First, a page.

Sri Lankan President Orders New Investigations into Easter Attacks

  • The commission is being appointed in the face of accusations by the Catholic Church in Sri Lanka that investigations carried out so far have been inadequate.
  • One of the accusations is that the government failed to act on the basis of shared foreign intelligence reports.
  • The total of 268 people were killed in the combined Sri Lankan terrorist attacks on April 21.

Sri Lanka’s President, Maithripala Sirisena, has appointed a commission to conduct new investigations into the coordinated Easter Day bombings that killed 268 people in the country. The announcement for the investigations was made by the Sri Lankan government Sunday. Islamic extremist groups are believed to have been behind the suicide bombings that took place on April 21, in which three churches were attacked as well as three luxury hotels in various parts of the country.

Maithripala Sirisena is a Sri Lankan politician, the seventh and current President of Sri Lanka, in office since January 9, 2015. Sirisena is a member of the center-left Sri Lanka Freedom Party, and is Sri Lanka’s first president from the North Central Province of the country.

The new commission, led by a judge of the court of appeal, is set to begin its work amid accusations by the Catholic Church in Sri Lanka, led by Archbishop Cardinal Malcolm Ranjith, that investigations carried out so far in regard to the attacks have been inadequate. The Sri Lankan President has appointed the commission to investigate the groups responsible for the coordinated attacks. They will also investigate whether officials made mistakes by not promptly responding to the security intelligence warnings that were given prior to the attack, a spokesman for the president’s office said.

The commission has been given a six-month period to conduct the investigations and report back to the president. One of the accusations against the country’s police, and its entire security team, is that they failed to act on the basis of shared foreign intelligence reports that Islamist groups were planning to carry out attacks on churches. The government has previously argued that the warnings did not contain specific information about the bomb attack.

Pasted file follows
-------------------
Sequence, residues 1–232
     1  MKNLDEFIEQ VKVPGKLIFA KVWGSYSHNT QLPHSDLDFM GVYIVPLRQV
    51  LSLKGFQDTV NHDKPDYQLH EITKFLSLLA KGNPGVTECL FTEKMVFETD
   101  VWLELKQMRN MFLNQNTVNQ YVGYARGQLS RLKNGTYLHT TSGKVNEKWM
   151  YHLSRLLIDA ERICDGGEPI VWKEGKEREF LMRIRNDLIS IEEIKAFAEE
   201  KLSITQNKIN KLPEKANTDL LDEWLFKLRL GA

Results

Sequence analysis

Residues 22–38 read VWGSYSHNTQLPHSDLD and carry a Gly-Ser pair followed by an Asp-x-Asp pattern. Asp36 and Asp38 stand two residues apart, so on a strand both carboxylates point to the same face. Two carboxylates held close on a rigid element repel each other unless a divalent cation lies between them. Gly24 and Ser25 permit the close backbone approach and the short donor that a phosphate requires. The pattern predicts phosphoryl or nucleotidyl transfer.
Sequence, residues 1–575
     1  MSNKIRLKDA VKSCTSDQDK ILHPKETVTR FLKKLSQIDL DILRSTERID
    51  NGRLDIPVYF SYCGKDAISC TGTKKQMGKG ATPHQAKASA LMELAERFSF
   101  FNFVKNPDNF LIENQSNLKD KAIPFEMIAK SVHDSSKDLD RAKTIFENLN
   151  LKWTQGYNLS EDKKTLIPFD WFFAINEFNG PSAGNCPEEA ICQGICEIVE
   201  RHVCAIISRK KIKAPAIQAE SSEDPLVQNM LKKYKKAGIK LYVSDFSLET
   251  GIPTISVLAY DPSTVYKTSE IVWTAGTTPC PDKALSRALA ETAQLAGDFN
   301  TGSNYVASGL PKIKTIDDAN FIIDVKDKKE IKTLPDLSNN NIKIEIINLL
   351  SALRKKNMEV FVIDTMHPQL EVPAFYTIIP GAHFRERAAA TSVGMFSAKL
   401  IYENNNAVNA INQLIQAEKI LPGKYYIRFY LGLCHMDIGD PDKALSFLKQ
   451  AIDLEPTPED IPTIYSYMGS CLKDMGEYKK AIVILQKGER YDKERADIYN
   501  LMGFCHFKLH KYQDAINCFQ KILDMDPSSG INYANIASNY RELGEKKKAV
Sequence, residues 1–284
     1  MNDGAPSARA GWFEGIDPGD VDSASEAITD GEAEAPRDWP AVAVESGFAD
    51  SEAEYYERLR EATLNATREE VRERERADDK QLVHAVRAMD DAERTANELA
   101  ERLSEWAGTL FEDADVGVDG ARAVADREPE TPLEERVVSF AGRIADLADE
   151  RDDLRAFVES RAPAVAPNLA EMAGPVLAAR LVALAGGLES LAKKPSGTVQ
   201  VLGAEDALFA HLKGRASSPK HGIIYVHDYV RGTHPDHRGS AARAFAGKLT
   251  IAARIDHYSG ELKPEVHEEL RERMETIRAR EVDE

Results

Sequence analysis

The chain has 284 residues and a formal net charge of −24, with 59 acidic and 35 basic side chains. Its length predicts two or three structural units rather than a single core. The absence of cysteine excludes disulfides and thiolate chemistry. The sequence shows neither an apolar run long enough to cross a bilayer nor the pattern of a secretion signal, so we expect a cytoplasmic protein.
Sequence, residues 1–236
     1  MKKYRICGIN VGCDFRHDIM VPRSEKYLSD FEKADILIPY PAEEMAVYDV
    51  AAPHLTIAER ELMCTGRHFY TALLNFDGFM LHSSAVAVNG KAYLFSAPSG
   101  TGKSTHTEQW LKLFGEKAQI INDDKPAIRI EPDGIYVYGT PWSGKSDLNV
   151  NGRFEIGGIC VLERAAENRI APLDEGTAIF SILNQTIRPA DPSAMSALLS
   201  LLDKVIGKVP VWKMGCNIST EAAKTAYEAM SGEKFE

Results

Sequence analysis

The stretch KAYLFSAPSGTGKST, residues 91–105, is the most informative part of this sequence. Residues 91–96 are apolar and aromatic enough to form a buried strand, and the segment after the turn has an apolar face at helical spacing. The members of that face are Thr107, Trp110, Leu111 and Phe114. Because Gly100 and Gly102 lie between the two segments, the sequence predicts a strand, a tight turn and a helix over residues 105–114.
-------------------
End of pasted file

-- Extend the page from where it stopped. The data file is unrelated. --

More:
The perpetrators of the bomb attacks were, according to authorities, members of the jihadist group National Thowheeth Jama’at, which has declared loyalty to Islamic State in Syria. Prior to the bomb attacks, the leader of the group, Zahran Hashim, had made a video with his associates, swearing allegiance to IS leader Abu Bakr al-Baghdadi.

National Thowheeth Jama’ath is a Sri Lankan jihadist Terrorist group implicated in the 2019 Sri Lanka Easter bombings. It is believed to have ties to Daesh, and uses the same Black Standard, seen here.

The attacks in Sri Lanka hit three churches, three luxury hotels, and two more suicide bombing targets. The world was shocked by the news of the Sri Lanka terrorist attacks, in which six explosions took place almost simultaneously. Three luxury hotels were hit in the capital city, Colombo— the Shangri La, the Cinnamon Grand and the Kingsbury Hotel. The other three explosions occurred in churches, where believers were attending the Easter mass celebrations. They took place at a church in Colombo, a church in Negombo 30 kilometers to the north and a church in Batticaloa, 250 kilometers east of the capital. At least 50 lives were lost in the St. Sebastian church in Negombo alone, and at least 25 in Batticaloa.

A little before eleven o’clock, a seventh explosion happened in a hotel in Dehiwala, a suburb of Colombo, close to a zoo. According to the Sri Lankan police, at least two people lost their lives. And a little later an eighth explosion took place, in Orugodawatta (in the north of Colombo). Three officers had entered a building in search of a possible suspect. A terrorist killed himself and three others in an explosion. The total of 268 people were killed in the combined Sri Lankan terrorist attacks.

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Vincent Ferdinand

News reporting is my thing. My view of what is happening in our world is colored by my love of history and how the past influences events taking place in the present time.  I like reading politics and writing articles. It was said by Geoffrey C. Ward, "Journalism is merely history's first draft." Everyone who writes about what is happening today is indeed, writing a small part of our history.

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